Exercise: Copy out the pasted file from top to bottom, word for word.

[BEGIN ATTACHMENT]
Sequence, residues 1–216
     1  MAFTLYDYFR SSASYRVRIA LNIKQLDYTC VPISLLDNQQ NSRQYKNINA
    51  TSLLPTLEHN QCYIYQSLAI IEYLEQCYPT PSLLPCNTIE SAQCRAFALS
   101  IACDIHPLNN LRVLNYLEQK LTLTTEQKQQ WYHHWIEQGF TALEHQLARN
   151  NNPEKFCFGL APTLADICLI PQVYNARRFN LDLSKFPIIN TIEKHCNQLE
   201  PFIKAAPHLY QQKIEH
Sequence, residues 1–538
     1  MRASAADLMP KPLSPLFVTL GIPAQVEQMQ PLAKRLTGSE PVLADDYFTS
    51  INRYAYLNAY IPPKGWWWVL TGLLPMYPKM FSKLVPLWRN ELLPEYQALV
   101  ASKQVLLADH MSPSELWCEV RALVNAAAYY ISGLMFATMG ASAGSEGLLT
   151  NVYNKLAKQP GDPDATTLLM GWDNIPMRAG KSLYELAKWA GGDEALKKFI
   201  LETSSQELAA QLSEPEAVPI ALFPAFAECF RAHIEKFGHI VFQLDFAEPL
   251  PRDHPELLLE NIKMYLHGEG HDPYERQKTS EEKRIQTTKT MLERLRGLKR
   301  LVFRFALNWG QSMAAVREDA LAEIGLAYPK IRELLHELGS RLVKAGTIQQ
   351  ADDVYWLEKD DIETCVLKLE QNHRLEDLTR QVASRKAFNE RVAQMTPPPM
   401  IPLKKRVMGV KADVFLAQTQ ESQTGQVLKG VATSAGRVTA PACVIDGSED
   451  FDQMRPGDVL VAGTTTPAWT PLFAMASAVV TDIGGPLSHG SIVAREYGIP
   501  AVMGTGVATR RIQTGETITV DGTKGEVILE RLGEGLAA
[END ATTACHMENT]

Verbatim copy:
Sequence, residues 1–216
     1  MAFTLYDYFR SSASYRVRIA LNIKQLDYTC VPISLLDNQQ NSRQYKNINA
    51  TSLLPTLEHN QCYIYQSLAI IEYLEQCYPT PSLLPCNTIE SAQCRAFALS
   101  IACDIHPLNN LRVLNYLEQK LTLTTEQKQQ WYHHWIEQGF TALEHQLARN
   151  NNPEKFCFGL APTLADICLI PQVYNARRFN LDLSKFPIIN TIEKHCNQLE
   201  PFIKAAPHLY QQKIEH
Sequence, residues 1–538
     1  MRASAADLMP KPLSPLFVTL GIPAQVEQMQ PLAKRLTGSE PVLADDYFTS
    51  INRYAYLNAY IPPKGWWWVL TGLLPMYPKM FSKLVPLWRN ELLPEYQALV
   101  ASKQVLLADH MSPSELWCEV RALVNAAAYY ISGLMFATMG ASAGSEGLLT
   151  NVYNKLAKQP GDPDATTLLM GWDNIPMRAG KSLYELAKWA GGDEALKKFI
   201  LETSSQELAA QLSEPEAVPI ALFPAFAECF RAHIEKFGHI VFQLDFAEPL
   251  PRDHPELLLE NIKMYLHGEG HDPYERQKTS EEKRIQTTKT MLERLRGLKR
   301  LVFRFALNWG QSMAAVREDA LAEIGLAYPK IRELLHELGS RLVKAGTIQQ
   351  ADDVYWLEKD DIETCVLKLE QNHRLEDLTR QVASRKAFNE RVAQMTPPPM
   401  IPLKKRVMGV KADVFLAQTQ ESQTGQVLKG VATSAGRVTA PACVIDGSED
   451  FDQMRPGDVL VAGTTTPAWT PLFAMASAVV TDIGGPLSHG SIVAREYGIP
   501  AVMGTGVATR RIQTGETITV DGTKGEVILE RLGEGLAA